The Procurement Official shall apply professional judgment as to when clarification is warranted and when it is not. On the one hand, it is in the interest of the Organization to ensure that as many offers as possible are compliant with the needs of the UN for effective competition. On the other hand, the principle of fairness to bidders that presented good and timely offers must be observed.


Clarification requests should aim to:

        1. Clarify ambiguous aspects of an offer;
        2. Modify minor mistakes or oversights in offers;
        3. Ensure that administrative errors do not cause the disqualification of an otherwise potentially good offer;
        4. Rectify statements made in the offer that do not reflect the spirit of the solicitation documents;
        5. Request missing information.

Examples of when the Procurement Official may consider that a request for clarification is warranted are:


  1. When the bid bond was not found in the offer;
  2. When the bid bond contains language that deviates from the standard bid bond language required in the solicitation;
  3. When the technical proposal contains financial information, however, such information does not seem likely to be part of the financial proposal (e.g. pricing of ancillary equipment is mentioned in the technical proposal; however, it is not clear that it is the price offered to the UN as part of the financial proposal);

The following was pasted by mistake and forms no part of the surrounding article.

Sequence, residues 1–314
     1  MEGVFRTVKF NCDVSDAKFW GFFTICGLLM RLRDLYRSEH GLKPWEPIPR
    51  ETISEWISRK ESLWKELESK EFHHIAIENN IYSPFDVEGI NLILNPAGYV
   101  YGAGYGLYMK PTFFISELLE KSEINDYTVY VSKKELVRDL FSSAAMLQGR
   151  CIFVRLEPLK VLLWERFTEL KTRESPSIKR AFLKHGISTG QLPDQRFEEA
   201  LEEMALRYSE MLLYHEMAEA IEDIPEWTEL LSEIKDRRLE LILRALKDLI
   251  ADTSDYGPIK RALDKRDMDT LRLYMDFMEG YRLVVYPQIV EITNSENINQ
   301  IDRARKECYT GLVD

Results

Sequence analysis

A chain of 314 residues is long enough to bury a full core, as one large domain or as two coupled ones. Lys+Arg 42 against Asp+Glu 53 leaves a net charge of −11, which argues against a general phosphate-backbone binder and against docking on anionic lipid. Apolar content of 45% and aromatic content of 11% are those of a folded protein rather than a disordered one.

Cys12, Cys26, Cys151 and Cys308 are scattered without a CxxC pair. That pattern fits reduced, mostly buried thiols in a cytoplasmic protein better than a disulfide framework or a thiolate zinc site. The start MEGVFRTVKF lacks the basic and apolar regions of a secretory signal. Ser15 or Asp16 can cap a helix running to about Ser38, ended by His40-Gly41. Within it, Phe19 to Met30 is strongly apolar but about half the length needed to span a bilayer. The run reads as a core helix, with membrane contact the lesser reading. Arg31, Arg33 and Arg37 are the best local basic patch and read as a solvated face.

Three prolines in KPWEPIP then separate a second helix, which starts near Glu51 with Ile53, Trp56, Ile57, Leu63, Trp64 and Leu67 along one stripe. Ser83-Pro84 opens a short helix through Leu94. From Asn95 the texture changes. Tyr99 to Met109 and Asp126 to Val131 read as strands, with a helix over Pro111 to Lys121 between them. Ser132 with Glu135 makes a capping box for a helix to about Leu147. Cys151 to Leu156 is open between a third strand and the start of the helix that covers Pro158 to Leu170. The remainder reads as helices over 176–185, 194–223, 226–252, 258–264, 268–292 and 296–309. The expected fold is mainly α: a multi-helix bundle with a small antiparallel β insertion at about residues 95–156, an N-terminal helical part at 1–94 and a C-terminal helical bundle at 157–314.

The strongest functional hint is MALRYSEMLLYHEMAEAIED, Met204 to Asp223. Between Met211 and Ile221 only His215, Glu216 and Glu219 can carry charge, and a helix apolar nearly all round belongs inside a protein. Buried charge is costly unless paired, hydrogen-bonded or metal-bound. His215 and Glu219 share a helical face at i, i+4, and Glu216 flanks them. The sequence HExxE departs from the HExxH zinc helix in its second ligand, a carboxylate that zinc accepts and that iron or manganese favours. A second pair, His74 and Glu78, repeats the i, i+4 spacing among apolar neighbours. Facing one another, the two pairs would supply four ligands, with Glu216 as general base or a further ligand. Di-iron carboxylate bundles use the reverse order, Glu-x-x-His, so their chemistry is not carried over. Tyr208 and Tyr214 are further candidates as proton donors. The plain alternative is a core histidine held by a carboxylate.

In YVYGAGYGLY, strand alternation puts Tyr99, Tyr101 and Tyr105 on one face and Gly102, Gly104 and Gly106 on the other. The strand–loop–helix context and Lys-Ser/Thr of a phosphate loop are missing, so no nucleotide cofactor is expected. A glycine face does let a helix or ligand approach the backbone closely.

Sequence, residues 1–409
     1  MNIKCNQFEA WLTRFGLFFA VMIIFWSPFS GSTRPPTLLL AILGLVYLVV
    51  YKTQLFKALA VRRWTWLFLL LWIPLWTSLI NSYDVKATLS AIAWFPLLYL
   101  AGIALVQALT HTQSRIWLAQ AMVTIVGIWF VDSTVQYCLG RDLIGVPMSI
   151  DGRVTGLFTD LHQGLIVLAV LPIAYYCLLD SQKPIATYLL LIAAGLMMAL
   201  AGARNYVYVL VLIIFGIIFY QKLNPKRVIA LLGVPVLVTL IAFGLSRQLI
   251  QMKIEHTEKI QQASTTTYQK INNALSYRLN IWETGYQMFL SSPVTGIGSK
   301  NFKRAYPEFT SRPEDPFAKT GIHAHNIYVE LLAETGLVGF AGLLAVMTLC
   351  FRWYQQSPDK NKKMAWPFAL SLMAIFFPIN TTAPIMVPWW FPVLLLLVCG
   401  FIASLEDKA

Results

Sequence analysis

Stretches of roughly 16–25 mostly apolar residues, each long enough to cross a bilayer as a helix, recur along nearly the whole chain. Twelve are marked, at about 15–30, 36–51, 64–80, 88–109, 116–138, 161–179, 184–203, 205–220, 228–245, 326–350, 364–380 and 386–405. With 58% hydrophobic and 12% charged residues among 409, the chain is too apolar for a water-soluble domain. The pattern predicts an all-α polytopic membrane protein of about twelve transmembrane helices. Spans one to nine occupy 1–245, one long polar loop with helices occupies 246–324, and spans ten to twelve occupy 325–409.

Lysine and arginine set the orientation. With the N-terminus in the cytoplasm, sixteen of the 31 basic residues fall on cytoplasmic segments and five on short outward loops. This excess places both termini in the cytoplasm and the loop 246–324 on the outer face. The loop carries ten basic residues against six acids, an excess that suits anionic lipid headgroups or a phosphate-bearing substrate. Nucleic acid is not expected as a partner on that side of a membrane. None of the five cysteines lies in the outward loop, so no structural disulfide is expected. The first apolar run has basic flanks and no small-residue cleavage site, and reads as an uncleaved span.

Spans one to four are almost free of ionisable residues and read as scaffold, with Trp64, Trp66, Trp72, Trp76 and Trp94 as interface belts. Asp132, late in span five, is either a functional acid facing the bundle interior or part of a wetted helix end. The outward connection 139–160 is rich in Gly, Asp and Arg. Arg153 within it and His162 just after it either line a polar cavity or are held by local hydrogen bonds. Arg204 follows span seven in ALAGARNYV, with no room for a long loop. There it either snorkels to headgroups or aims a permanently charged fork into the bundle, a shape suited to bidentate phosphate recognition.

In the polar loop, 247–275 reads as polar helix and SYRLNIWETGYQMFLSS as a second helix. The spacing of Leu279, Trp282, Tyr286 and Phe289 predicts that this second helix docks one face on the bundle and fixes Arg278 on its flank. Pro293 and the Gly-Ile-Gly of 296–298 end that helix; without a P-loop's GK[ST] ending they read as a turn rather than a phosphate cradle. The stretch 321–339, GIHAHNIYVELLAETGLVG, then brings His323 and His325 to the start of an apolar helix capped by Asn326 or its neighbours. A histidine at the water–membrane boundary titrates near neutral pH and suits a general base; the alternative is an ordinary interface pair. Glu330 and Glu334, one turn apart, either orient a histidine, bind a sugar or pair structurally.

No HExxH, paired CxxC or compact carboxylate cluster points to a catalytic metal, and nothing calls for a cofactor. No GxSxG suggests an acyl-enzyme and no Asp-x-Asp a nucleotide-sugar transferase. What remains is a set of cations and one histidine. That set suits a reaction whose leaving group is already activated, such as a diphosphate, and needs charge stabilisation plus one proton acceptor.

4. When a bidder does not include proof of some important elements (e.g. a quality standard), while it is stated in their proposal that they are in the possession of such element;
  5. When a bidder does not include some specific self-contained piece of information that makes them miss a mandatory requirement or lose a significant number of points in the technical evaluation, and it could be easily obtained (e.g., within five (5) business days). Examples of this could be a missing CV of the project manager, a missing reference of a client, etc.;
  6. When a bidder does not “check a box” or omits to provide a confirmation statement;
  7. When a bidder includes statements in the financial proposal that go against the spirit of the solicitation and it would cause the disqualification of its proposal. For example, the solicitation may require fixed prices, and the bidder may state in their financial proposals that prices will depend on the cost of raw materials. To make a comparison to other offers, the bidder may be requested to clarify whether the offer is in compliance with the instructions in the solicitation;
  8. When it is in the UN’s interest to eliminate minor irregularities, informalities, or apparent clerical mistakes in the Submission.